“We’ve been serving red hot dogs since 1908,” said co-owner Jimmy Simones. “Our red hot dog has a natural casing made with a combination of beef and pork. We also carry an all-beef ballpark dog for those with allergies or reasons to not eat pork.”
By far the steamed Red Snapper is the most popular at the downtown Chestnut Street diner.
“And served with mustard on a split New England hot dog roll,” said Simones. “The most popular add-on is celery salt, which is quite a local thing. And it’s been that way for years. I remember as a child hearing the order of a steamed dog with mustard, celery salt and (served with) chocolate milk.”
Other popular dogs on the menu are chili-cheese dogs and kraut dogs. Simones said he’s probably heard every possible order on the planet.
“People have signed our guest book from all over the world” he said. “And because of that we have had quite a few unique topping requests as well. People have ordered them with pickles, tomatoes, cheese and tomatoes. Even strawberry jam for the top has been ordered. . . . To each his own, we’ll serve whatever they like.”
Val’s Drive-In at 925 Sabattus St. in Lewiston is another place known locally for serving up a lot of dogs. The place is a legendary and nostalgic throwback to the ’50s, where carhops still serve up orders on a tray brought to your car. Customers can be seen swaying back and forth as they listen to piped-in music from the sock-hop era. On the weekends waitresses don poodle skirts, while on Monday night cowboy hats, plaid shirts and cut-off jeans liven up country night.
Now a third-generation hot dog eatery, Val’s serves a beef-and-pork skinless dog on a New England split bun.
“It’s the same hot dog served since my dad, Val, took over A&W Root Beer in 1974,” said Gail Lawrence. “People seem to really love the ‘Happy Days’ atmosphere. It’s funny though, how people swear we had carhops on roller skates, but we never did.”
Val’s well-known hot dog is normally steamed, but can be grilled to order.
“The most popular topping is just plain mustard,” Lawrence said. “Quite a few little ones like to add the ketchup, and many enjoy the smothered onions. For a side, customers have fries or onion rings. And, of course, Val’s homemade root beer is a favorite,” she added.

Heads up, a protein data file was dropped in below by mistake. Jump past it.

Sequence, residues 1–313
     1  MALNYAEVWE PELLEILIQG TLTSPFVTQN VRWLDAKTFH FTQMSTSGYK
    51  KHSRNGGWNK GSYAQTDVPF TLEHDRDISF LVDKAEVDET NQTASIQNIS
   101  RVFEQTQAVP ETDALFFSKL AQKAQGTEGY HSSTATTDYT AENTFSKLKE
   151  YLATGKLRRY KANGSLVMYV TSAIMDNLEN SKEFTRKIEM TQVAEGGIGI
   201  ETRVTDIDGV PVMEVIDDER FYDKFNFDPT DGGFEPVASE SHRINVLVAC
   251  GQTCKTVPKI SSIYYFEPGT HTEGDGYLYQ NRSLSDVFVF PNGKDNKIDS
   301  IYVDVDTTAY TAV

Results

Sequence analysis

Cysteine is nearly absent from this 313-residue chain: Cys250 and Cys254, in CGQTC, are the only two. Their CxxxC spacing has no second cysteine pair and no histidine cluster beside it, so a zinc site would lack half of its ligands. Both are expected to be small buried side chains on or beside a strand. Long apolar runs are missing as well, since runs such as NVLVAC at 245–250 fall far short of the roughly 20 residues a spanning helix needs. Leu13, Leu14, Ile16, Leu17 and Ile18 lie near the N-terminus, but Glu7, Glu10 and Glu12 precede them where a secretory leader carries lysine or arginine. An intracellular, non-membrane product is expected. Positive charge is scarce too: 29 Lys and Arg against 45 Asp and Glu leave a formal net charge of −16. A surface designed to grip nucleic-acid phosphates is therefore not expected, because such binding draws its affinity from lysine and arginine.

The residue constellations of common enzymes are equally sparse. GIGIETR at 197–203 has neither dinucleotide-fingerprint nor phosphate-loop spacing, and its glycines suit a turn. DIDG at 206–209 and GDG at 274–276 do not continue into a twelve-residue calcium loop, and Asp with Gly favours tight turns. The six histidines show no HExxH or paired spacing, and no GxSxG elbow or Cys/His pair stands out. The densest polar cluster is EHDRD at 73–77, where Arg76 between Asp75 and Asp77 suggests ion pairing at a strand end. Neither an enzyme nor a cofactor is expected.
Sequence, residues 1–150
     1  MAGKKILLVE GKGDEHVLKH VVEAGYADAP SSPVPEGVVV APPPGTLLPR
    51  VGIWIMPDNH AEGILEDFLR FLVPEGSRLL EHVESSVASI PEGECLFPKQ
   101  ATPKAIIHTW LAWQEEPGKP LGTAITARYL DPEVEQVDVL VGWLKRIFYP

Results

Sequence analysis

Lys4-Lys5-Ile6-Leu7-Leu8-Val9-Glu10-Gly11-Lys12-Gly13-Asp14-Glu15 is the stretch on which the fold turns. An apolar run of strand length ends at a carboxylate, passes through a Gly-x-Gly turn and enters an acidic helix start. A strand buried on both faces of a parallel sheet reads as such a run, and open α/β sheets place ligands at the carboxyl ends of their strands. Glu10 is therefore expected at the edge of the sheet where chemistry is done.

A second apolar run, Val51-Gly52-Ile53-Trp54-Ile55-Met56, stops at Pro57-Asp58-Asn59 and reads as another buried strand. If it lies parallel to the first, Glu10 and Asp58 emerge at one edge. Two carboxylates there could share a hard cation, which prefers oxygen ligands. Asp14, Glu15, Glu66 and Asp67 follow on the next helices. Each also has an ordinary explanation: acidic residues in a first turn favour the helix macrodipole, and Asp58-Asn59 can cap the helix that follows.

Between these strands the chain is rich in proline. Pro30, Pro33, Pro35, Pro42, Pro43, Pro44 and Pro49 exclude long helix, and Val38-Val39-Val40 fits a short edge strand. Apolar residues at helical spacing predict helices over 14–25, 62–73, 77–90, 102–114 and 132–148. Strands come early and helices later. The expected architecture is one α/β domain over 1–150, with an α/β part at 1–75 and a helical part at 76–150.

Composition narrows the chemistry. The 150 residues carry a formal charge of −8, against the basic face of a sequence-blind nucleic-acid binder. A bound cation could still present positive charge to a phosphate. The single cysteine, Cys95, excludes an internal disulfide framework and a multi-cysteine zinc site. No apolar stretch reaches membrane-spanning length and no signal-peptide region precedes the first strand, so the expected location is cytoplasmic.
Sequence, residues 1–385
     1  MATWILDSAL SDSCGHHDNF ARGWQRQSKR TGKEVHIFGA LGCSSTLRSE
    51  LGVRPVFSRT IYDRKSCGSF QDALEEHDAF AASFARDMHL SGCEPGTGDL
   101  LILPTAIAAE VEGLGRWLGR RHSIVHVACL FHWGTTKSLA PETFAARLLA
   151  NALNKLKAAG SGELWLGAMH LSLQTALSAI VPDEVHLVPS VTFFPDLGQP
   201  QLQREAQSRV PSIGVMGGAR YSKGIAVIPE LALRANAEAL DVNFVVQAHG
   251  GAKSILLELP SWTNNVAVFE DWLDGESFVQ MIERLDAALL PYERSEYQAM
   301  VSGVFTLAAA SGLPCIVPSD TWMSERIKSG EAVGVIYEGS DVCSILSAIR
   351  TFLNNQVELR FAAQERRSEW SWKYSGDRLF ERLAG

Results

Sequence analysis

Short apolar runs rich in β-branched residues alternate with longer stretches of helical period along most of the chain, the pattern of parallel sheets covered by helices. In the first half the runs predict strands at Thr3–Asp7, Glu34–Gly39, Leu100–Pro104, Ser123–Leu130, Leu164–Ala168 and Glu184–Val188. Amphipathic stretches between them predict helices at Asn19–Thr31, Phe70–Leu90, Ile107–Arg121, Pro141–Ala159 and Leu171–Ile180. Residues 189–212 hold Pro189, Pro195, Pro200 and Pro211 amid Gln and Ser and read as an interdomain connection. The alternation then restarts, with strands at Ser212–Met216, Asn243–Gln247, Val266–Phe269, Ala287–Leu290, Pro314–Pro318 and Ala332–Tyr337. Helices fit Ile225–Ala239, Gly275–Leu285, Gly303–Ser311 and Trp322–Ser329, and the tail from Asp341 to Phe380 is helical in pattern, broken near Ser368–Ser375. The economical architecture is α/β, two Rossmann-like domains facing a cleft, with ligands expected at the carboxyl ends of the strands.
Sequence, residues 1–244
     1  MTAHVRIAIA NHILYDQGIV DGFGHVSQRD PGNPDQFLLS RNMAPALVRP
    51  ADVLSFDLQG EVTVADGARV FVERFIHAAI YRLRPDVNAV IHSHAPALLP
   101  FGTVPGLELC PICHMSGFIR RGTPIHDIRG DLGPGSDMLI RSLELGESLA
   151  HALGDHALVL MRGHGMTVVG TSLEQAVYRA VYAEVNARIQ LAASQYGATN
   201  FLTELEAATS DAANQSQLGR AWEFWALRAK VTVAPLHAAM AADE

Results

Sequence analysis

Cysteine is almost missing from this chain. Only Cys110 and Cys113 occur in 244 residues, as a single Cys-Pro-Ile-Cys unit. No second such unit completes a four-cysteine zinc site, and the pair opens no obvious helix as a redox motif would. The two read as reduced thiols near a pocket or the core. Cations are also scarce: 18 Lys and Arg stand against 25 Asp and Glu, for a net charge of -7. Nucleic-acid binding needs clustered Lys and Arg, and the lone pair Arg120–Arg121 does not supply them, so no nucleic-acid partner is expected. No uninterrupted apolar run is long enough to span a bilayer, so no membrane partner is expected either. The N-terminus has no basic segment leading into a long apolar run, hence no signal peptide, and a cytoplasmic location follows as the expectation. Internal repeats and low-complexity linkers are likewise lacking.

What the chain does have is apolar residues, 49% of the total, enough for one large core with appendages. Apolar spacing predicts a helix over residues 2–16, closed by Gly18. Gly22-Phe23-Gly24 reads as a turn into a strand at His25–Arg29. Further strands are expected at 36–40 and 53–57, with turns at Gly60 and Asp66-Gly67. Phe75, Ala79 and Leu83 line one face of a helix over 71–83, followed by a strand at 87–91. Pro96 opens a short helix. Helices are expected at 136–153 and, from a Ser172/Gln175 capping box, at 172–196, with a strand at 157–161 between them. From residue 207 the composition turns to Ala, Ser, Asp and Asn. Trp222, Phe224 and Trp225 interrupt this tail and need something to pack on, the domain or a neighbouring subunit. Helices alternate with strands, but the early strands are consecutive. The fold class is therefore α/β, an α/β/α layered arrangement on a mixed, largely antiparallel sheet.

Many other eateries in and around the Twin Cities offer hot dogs, so check your favorite restaurant for their specialties. For a hot dog you might want to eat with a fork and a knife, the Fire House Grille at 47 Broad St. in New Auburn puts its award-winning firehouse chili on top of a large, quarter-pound, all-beef dog and serves it on a crusty sub roll.
“It’s the only hot dog on our menu,” said firefighter and owner John Roy. “It’s all we need; hands down, it’s the best dog in town.”
This big, ol’ fat dog is called The Sparky and it’s loaded with onions, chili, sauerkraut and shredded cheddar.
“The key is our homemade chili,” said Roy. “It’s been voted the most popular chili in the area for three of the last four years . . . by the public. It’s made with our special Fire House sauce, which has the perfect amount of beans and one of the hottest peppers in the world.”
According to Roy, the most common side, naturally, is the restaurant’s homemade Baxter beer-battered onion rings.
The perfect hot dog: plump yet charred
Barely cover the bottom of a fry pan with water.
Bring water to a boil, add hot dogs and continue steaming until water is gone.
Add butter and finish cooking to desired charring.
Note: Pure boiling can make a hot dog plump, yet soggy and lacking flavor; pure grilling can cause too much charring and an undercooked center.
(Compiled from the best of several recipe websites)
4 split hot dog buns
2 tablespoons melted butter
1 tablespoon poppy seeds
4 natural-casing hot dogs
4 long, dill pickle spears
8 tomato wedges
6 tablespoons finely diced sweet onion
4 sport peppers or banana peppers, sliced
Brush the outside of the hot dog buns with butter.
Sprinkle with poppy seeds.
Bake in oven till warm (about 5 minutes) or heat on griddle.
Cook hot dogs per instructions on package.
Place hot dogs on buns.
Slide pickle slice on one side of hot dog and 2 tomato wedges on other.
Squirt desired mustard and relish on top.
Top with prepared onions and peppers.
Sprinkle desired celery salt.
Firehouse chili dog
(From the Fire House Grille in Auburn)
4 foot-long all-beef hot dogs
4 crusty sub rolls
Sliced or diced onions
Your favorite firehouse chili recipe with beans
Grated cheddar cheese
Warm sauerkraut and chili, set aside.
Cook hot dogs per instructions on package.
Toast sub roll.
Open heated roll and add onions, mustard and ketchup.
Place dog on top.
Layer with chili, then sauerkraut and top with cheese.